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Do Hard Things: a Review

  |   Book Give-away!, Books!, Parenting/Homeschooling in General, Personal Growth, Teaching High School, Teaching Middle School, Time Mangagement   |   No comment

 

Happy 2009, Everyone!

If you have been following our blog, you know we have one more book to give away.  Due to everyone’s desire to focus on our families and on the holidays in December, we decided to save our last book for the new year.  If you are visiting our blog for the first time, we are referring to our Christmas Book Give-away.  We have given away at least one book a week for the month of December. To be considered for a free book, all you have to do is subscribe to our mailing list and make a comment on our blog.  Please keep checking back to see what book we will be giving away this month!  In the meantime, we hope you enjoy Dana’s review of the book below.

Have a wonderful week!

Beth

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What you are holding in your hands right now is a challenging book for teens by teens who believe our generation is ready for a change.Ready for something that doesn’t promise a whole new life if you’ll just buy the right pair of jeans or use the right kind of deodorant.We believe our generation is ready to rethink what teens are capable of doing and becoming. And we’ve noticed that once wrong ideas are debunked and cleared away, our generation is quick to choose a better way, even if it’s also more difficult.”

Thus opens the book Do Hard Things: a Teenage Rebellion against Low Expectations, written by Alex and Brett Harris, forward by Chuck Norris.If those names sound familiar, it is because the authors are the 19 year old twin sons of well-known homeschool veterans Gregg and Sono Harris, and younger brothers of popular author Joshua Harris (I Kissed Dating Goodbye). This book lays the groundwork for understanding The Rebelution – a term coined by the twins (combining the words “revolution” and “rebellion”) to define a “rebellion against low expectations.”

Their insightful premise states that our culture has bought into the deception that teens are helpless, weak, irresponsible individuals, incapable of caring for anyone but themselves. They assert, as most fellow homeschoolers believe, that “the teen years are not a vacation from responsibility,” but instead “they are the training ground of future leaders who dare to be responsible now.” They exhort teens as well as adult Christians to be an effective countercultural force by truly living as salt and light in the world: by having Christ-like character, by a commitment to competency in their endeavors, and by their willingness to work in collaboration with other like-minded believers.

Not only do the authors feature accounts of several amazing teens who accomplished phenomenal, large-scale projects, but the Harris twins bring the concepts down to earth by also sharing stories of ‘normal’ teens who have chosen to stand apart from the stereotypical norms with smaller scale endeavors.This section includes a helpful, easy-to-understand list of principles that are recommended as a beneficial place to start self-examination before crafting one’s own action plan.Additionally, the Harris twins walk us through this process by sharing a few teens’ stories as well as their strategies to become ‘rebelutionaries.’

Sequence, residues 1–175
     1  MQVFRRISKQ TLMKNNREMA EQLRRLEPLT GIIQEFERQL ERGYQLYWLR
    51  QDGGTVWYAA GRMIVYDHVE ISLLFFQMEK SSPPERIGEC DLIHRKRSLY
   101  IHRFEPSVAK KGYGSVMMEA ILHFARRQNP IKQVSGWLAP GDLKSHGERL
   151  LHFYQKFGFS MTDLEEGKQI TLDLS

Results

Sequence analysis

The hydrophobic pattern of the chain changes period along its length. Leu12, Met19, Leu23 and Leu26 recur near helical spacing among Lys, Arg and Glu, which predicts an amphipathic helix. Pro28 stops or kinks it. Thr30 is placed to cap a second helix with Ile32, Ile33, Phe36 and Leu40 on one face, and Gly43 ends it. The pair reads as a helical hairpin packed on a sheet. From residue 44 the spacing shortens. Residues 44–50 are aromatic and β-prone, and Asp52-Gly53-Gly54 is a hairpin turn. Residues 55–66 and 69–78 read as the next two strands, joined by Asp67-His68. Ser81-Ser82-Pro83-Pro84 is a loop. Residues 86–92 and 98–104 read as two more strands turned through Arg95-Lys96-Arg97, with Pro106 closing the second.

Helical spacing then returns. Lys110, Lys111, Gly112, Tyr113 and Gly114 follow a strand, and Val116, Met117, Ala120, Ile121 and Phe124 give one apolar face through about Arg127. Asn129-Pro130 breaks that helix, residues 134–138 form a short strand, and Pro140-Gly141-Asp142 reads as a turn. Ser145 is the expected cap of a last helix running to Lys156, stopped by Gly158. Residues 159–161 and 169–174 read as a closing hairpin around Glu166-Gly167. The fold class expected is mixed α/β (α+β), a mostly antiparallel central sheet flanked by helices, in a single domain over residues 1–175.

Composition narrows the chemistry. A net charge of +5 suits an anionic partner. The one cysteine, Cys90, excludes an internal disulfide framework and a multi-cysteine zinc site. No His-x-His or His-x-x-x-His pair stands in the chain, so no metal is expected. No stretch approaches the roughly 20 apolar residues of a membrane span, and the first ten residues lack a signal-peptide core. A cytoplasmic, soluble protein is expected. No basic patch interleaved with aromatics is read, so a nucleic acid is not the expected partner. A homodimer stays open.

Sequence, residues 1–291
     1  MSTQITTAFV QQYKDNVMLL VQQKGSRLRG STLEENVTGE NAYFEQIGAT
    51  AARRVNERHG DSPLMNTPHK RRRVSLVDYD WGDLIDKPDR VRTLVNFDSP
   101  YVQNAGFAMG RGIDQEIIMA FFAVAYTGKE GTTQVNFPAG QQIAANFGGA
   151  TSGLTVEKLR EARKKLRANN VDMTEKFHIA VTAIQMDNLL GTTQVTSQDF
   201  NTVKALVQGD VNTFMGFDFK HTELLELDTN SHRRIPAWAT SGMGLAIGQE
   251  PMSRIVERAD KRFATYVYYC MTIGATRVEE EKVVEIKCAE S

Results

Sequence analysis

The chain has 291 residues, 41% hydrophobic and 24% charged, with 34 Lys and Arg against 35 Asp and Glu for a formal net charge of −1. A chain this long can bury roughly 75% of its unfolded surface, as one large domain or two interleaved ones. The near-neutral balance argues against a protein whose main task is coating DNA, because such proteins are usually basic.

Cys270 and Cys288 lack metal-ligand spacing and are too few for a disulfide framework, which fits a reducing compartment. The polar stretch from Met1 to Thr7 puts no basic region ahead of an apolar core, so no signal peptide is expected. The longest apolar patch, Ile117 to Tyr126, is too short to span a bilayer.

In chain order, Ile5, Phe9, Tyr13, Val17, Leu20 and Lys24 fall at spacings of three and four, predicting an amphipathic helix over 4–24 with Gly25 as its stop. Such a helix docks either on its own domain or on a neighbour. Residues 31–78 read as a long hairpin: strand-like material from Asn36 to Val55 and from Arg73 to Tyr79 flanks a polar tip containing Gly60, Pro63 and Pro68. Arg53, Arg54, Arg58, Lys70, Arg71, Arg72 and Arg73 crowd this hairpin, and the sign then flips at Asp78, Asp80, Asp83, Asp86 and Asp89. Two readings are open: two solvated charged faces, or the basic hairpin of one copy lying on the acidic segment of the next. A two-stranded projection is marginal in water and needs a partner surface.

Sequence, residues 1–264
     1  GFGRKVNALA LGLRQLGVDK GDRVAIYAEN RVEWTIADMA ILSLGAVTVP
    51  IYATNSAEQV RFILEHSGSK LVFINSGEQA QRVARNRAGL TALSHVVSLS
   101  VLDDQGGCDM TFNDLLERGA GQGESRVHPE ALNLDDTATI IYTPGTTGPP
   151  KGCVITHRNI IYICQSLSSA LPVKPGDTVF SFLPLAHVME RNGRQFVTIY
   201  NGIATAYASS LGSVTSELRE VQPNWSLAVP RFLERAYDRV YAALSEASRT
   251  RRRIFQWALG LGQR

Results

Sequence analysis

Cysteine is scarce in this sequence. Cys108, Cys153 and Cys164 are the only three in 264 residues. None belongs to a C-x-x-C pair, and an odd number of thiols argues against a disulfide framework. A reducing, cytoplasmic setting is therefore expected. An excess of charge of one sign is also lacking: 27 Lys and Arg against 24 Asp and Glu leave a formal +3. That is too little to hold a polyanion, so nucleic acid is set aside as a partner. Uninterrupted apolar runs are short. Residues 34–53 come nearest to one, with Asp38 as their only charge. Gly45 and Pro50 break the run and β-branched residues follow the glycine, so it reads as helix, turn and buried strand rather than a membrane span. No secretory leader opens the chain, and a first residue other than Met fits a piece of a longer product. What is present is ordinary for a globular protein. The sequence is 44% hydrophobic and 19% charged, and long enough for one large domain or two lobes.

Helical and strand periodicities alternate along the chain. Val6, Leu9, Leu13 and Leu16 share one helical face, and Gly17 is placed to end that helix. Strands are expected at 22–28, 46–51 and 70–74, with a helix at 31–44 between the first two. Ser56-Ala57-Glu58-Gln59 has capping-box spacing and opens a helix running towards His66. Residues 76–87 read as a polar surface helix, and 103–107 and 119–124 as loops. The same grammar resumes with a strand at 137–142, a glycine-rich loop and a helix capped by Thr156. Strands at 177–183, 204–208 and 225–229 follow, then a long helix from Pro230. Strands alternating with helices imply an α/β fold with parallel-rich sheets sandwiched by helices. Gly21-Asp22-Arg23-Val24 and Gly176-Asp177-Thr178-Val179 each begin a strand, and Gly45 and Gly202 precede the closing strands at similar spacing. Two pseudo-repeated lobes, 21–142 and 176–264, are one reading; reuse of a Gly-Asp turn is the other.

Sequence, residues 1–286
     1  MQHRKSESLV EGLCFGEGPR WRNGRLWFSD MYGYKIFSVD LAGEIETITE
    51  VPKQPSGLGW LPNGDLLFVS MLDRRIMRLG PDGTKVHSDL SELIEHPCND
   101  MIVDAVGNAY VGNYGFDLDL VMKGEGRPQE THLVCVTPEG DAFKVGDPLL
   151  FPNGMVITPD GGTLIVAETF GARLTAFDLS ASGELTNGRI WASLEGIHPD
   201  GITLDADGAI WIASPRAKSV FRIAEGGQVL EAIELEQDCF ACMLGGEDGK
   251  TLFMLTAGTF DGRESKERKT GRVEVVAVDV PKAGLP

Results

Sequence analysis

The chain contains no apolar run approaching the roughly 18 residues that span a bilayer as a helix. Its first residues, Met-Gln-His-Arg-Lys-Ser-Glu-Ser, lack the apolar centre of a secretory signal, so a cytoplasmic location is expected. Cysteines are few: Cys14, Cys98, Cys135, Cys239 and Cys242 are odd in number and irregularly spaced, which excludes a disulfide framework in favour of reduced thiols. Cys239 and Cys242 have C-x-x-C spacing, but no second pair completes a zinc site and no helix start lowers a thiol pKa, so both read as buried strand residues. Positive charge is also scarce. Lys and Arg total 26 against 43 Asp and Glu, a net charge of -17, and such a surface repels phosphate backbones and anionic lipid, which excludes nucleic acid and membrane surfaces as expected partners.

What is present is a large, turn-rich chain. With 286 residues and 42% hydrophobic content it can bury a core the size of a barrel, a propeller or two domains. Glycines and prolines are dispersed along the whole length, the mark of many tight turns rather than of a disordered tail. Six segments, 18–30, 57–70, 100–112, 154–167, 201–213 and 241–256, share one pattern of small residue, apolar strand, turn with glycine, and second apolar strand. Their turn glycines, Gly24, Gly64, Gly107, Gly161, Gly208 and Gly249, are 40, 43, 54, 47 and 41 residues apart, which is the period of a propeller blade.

My favorite chapter describes accomplishing “Small Hard Things.” (Every mommy can relate:these are the things done behind closed doors that are often tedious, mundane, repeated constantly and don’t come with accolades or recognition.) As we know, often it is these small disciplines that have to be mastered before we are ready for the “big” things.The twins encourage teens to first identify those “small” things in their lives and to take control of them before launching into the larger-scale projects.

This challenging book is peppered with scripture, encouragement and simple strategies to help identify and deal with stumbling blocks in our teens (and our) lives and describes principles to adopt to help us accomplish more for Christ’s kingdom.The book ends with a very clear and compelling presentation of the gospel.

I recommend this book, especially for those teens who are likely to respond best to peer encouragement.Check here for more information!

May God bless your transition back to school!

Christian literature based homeschool curriclum

 

No Comments
  • Lisa C. | Jan 6, 2009 at 8:43 pm

    Thanks for the book review. I think it makes the perfect gift to encourage and challenge our youth. I can wait to see how the LORD glorifies himself through this wonderful book.

  • Dorita | Jan 6, 2009 at 6:23 pm

    Dana,

    Thanks for the review of this book. I will definitely put it on my “to read” list.
    Dorita

  • trulyblessed | Jan 6, 2009 at 2:59 pm

    Thanks for the summary! I’ve read the book before but it is good to be reminded of some of it’s main messages! I will definitely be suggesting this book to friends.

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